Hi. Within this lecture, we're going to see what is an SUID. So far, we have been working with the SUIDs and we have leveraged that permission in order to gain a privilege escalation or escalated privilege in the previous CTFs that we have solved during this course. But as I said before, we're going to see in much more detail right now. So, I said, don't worry about this, we're going to see what it is later on, and we're going to deep dive in the privilege escalation section. So, the time comes, okay? Now we're going to see it. So, I'm going to search for SUID in Google. And you can just select any of the tutorials over here, and you don't have to do that by now, I'm just showing you a tutorial so that you can see that you can find it anywhere in the internet. So, as you can see, Set owner User ID or SUID. So, it stands for Set owner User ID, is a special type of file permissions given to a file. So, it's basically this special type of file permission. So, and normally when a Linux program runs, it inherits access permissions from the logged in user. So, SUID is defined as giving temporary permissions to a user to run a program with the permissions of the file owner. So, what does this mean? When you create a file or when you just put on a binary or some kind of executable, you can choose who gets to write it, who gets to read it, and who gets to execute it in Linux. So, of course, if you're root, you can just read, write or execute anything you want in the system. You can just give the special type of permission to yourselves, or you can make it available to a single group, or you can make it available to a single user as well. Right now, we're going to see how it works. So, my IP address is this and I'm going to ssh into it. Of course, during this course recordings, I have to close this down and open it one more time. So, that's the case. I'm going to log in as usual. And I'm going to clear this up. So, here you go. Right now, I believe we are in the file permissions which is task 13 over here, but you don't have to follow it from there, it's just there for note taking reasons. So, if I run ls - la, I can see a lot of information which is very valuable to us I think, because we can see whether it's a directory or file over here. So, d stands for the directory, and if you see a dash, it's file. So over here, we can see the permissions. So the last part, this is the highlighted part over here, stands for the user and the first one is the owner. And the second one, second third bit is the group. So, owner, group, and the user. So over here, we see who created that file or who does that file belong to. So, this file belongs to root. As you can see this directory, I mean belongs to root and we can see all of those things in ls -la. So, this stands for read, write, execute. So, this is a directory, this is a file. So, this file is created by user and user has given read write permissions, not execute permissions for bash history. Of course, it doesn't make sense to give execute permissions for a single file like that. But again, in this case, for example, we see it has the read, write, execute, "x" stands for execute over here. So, the group user group can read but not write but also execute. And the old users over here can read, not write, but execute over here. So, we can specify which user can do something with a file, like if it can read it, if it can write it or if it can execute it. For example, maybe you have seen this before, you can run chmod +x in order to make a file executable. So, that you can just write chmod +s in order to give a SUID permission. So over here, we don't see any SUIDs right now, but I'm going to show, you don't worry about it. If we see an S over there in the permissions settings, then it means that an SUID permission is given to us. So, this may lead us to execute a file or just do something with a file with a root privilege or with an administrator privilege so that we can take leverage of that. So, I'm going to find some files over here and we have seen this comment before. I'm going to search for file types and for the permissions. I'm going to search for 04000. I'm going to go for ls over here and I'm going to write the output in dev/null. You have seen this comment before but I actually recommend to take note of this because you will actually need this in real pentests as well. So, over here we see the S, because these are the SUIDs. So, S stands for the SUID permission. So, this is a special temporary permission that has been given to us. So, what does it mean? We get to use those binaries and it happens so that a lot of these files are actually binaries, and SUIDs are given generally to binaries. Not necessarily but it doesn't make sense to give some kind of a text or string file an SUID permission. And over here, we have a lot of executables like chain shell, sudo, sudoedit, passwd, and so many others as well. So, having this permission isn't a vulnerability isn't a necessarily vulnerability. But over here, we have a suid-so, this is a shared object and this is obviously put over here for some CTF purposes. So, maybe we can just leverage this and escalate our privilege. We're going to see how it works, but over here, what is important is that you run this comment and you see what kind of permissions do you have for SUIDs and you take a look at every executable that you see, if you find one that belongs to root, and in this case it belongs to root for every possible scenario over here and try to find a way to escalate your privilege. So, it doesn't necessarily mean that you're going to escalate your privilege using chain shell, for example, but maybe it will be possible by using any of these like the suid-so over here. So, you now know what is an SUID and how to search for it. And now, we're going to see how to actually become root using the vulnerable binaries over here. So, in this case, it belongs to root as you can see. And for the group, we have the stuff over here, I don't know what it means. So, we're going to see if we can actually take leverage of that. So, this is again one of the most important comments that you should take note of. If you see something like this in the CTF or a pentest, that's the way that you should go. So, I'm going to stop here and continue within the next lecture.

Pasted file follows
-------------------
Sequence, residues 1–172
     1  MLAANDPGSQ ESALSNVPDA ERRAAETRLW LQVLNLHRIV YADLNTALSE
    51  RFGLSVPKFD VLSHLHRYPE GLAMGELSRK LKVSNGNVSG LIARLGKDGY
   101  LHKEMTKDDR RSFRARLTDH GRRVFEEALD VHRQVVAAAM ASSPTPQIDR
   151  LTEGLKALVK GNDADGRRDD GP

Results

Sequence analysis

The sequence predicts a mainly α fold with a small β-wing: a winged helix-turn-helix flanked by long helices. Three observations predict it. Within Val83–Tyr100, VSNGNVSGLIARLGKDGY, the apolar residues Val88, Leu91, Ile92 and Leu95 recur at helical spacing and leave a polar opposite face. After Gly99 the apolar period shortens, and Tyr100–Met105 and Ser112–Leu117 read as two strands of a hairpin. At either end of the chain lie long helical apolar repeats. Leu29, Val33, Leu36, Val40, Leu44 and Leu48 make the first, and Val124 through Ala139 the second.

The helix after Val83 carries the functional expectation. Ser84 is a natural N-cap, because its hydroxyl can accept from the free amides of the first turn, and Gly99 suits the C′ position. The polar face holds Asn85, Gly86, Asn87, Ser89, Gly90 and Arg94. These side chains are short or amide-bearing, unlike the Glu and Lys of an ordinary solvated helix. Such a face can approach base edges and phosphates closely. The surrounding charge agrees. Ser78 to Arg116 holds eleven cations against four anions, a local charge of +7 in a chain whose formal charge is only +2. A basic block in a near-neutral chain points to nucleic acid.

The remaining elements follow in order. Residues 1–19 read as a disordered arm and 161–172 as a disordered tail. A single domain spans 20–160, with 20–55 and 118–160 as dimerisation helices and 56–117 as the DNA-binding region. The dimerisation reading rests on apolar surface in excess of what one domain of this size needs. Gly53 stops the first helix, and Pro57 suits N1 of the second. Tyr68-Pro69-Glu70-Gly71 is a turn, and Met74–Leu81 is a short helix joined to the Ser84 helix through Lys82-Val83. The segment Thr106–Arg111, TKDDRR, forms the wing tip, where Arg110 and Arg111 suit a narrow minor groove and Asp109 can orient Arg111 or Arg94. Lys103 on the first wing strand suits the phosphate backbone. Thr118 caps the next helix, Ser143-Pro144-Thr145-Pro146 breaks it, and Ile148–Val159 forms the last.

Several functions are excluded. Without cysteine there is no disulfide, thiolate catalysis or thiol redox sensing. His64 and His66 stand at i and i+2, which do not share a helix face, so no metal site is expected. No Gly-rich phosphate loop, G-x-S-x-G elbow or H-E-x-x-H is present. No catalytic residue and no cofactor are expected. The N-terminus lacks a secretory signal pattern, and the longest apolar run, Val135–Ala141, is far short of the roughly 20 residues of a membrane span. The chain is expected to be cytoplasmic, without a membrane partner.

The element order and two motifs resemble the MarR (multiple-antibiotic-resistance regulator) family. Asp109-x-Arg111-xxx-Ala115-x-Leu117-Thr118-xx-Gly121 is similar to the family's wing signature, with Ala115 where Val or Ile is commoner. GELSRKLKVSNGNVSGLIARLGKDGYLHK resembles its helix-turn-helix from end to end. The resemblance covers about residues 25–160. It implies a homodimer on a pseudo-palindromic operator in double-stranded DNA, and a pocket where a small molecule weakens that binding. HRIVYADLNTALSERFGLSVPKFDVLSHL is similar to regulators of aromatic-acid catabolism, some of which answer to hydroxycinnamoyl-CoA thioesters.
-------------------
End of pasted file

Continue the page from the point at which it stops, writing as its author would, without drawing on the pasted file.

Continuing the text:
About the Author
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Atil is an instructor at Bogazici University, where he graduated back in 2010. He is also co-founder of Academy Club, which provides training, and Pera Games, which operates in the mobile gaming industry.